-Makes a compelling case for the fact that we face climate problems not simply because of scientific problems or political problems but because of theological developments that found and fund a certain way of relating to the world. . . . Theologians from various perspectives can find wisdom here, as well as relevant challenges that any Christian thinking about climate change must confront.-

John Milbank
-- University of Nottingham
-This book offers us a new level of seriousness in developing a theological ecology. . . . Michael Northcott has the unusual intelligence to be able to see the link between soft' green issues on the one hand and hard' issues of international relations theory on the other. . . . If we are not once more to resort to an oppressive mode of imperialism which is only likely to speed up global warming, then we have to discover a more cultural and consensual mode of international collaboration, within a horizon of virtue. Since any such collaboration must take a substantive form, the role of the church here remains crucial.-

Oliver O'Donovan
-- University of Edinburgh
-Michael Northcott has devoted the best part of his career to understanding the problems of the environment and climate from a theologian's viewpoint, but this is no repetition of what he has said before. A Political Theology of Climate Change is the book he has been working towards, and he here achieves a powerful synthetic integration of scientific findings and policy questions with a theology of creation and eschaton and with philosophical and political critiques of modernity. This is a book to persuade us that the climate is not just a problem to be solved, but a question to be reflected on deeply, searching deep into the relation between mankind and its creator.-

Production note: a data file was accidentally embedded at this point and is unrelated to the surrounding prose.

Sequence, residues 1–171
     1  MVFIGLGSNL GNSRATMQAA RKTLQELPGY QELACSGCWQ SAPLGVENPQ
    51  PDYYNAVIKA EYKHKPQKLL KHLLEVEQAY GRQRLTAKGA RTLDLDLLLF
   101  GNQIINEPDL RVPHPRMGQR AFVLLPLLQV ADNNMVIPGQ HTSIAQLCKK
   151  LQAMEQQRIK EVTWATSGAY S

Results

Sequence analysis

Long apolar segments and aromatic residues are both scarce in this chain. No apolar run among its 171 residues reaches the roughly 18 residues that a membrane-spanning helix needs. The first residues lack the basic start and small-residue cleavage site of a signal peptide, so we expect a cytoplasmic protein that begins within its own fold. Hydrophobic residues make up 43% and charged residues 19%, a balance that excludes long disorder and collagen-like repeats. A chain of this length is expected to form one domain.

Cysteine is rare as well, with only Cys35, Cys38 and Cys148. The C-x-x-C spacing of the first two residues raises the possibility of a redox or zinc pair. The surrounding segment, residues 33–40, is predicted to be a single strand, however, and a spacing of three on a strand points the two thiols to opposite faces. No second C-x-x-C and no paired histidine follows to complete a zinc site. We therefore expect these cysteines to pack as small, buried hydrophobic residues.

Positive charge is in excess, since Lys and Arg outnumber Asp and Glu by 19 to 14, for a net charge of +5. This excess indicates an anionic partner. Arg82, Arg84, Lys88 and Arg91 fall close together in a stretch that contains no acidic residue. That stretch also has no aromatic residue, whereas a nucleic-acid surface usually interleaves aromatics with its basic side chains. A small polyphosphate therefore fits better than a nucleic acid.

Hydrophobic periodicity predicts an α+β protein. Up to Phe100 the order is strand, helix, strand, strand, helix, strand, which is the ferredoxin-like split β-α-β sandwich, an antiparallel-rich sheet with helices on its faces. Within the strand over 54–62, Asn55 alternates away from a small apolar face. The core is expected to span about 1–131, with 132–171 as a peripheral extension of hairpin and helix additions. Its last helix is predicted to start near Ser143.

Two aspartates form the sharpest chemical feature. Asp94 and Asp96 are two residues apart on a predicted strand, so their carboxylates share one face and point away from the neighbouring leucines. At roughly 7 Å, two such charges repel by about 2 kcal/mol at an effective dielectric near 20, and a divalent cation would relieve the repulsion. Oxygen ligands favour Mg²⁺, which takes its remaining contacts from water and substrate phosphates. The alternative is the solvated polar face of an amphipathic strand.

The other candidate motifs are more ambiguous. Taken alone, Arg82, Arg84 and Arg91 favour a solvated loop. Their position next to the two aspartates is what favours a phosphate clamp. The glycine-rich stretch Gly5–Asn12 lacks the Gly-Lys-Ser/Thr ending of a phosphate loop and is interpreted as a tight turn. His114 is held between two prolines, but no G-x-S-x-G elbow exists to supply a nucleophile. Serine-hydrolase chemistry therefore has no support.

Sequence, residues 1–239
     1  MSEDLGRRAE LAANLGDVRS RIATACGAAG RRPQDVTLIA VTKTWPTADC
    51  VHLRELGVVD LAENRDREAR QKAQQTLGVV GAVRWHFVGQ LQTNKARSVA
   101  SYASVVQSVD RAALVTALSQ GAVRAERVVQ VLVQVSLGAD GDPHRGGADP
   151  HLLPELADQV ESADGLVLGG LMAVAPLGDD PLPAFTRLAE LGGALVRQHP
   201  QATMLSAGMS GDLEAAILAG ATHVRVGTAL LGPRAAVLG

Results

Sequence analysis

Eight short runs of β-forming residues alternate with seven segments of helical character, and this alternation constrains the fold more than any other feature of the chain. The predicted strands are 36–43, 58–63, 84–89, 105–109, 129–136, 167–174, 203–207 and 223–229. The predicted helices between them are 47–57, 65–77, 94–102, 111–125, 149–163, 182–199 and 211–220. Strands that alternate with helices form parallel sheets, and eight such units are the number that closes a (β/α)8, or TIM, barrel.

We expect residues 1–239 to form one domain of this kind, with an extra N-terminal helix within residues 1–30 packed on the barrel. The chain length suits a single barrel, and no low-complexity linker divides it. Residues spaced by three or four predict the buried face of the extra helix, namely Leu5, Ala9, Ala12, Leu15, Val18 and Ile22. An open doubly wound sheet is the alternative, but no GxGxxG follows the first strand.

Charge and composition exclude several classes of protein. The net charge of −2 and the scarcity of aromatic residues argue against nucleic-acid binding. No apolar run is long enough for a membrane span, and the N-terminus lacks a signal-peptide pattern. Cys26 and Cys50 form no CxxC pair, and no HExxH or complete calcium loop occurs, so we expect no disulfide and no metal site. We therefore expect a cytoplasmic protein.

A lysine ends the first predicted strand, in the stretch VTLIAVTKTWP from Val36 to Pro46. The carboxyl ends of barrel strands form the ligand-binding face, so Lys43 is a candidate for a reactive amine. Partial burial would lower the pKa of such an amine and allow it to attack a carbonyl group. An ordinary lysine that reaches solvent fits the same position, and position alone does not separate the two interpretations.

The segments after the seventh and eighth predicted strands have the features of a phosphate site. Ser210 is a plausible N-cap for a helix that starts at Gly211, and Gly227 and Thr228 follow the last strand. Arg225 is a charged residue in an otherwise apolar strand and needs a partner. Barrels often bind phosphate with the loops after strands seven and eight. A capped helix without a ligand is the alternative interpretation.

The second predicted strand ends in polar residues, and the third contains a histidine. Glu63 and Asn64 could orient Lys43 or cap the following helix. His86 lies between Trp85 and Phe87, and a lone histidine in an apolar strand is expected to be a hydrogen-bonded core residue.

Norman Wirzba
-- Duke Divinity School
-In this wide-ranging, compelling book Northcott shows why it is a great mistake to think that weather is a topic of concern only to farmers and gardeners. Anthropogenic climate change -- and all the pain and suffering it will bring to humanity and fellow creatures -- is a profound challenge to theological reflection in all of its forms because what is at stake is nothing less than hope for life that honors the gift of creation and gives glory to God. Drawing on the latest scientific research on climate and energy, Northcott develops an ambitious political theology that has the potential to bring healing to our lands and our communities. This book is a wake-up call.-

Bruno Latour
-- Paris Institute of Political Studies
-Drawing on the vast resources of Christian spirituality and of the much more recent climate sciences, Michael Northcott continues to bring alive the most implausible hybrid -- a carbon theology! By reawakening the dormant meaning of Incarnation, he also provides new energy for an ecological movement that could learn to thrive on the long tradition of political theology. This book helps us understand how all the outdated values of the past might be our last chance to still have a future.-

Theology Today
-Northcott offers a compelling analysis and searing critique of the underlying political, social, and economic basis for climate change and the ineffectual political and economic attempts, such as the Kyoto Protocol and carbon emissions trading, to harness the human addiction to carbon-based forms of energy production. . . . An interesting and insightful theological analysis of global climate change.-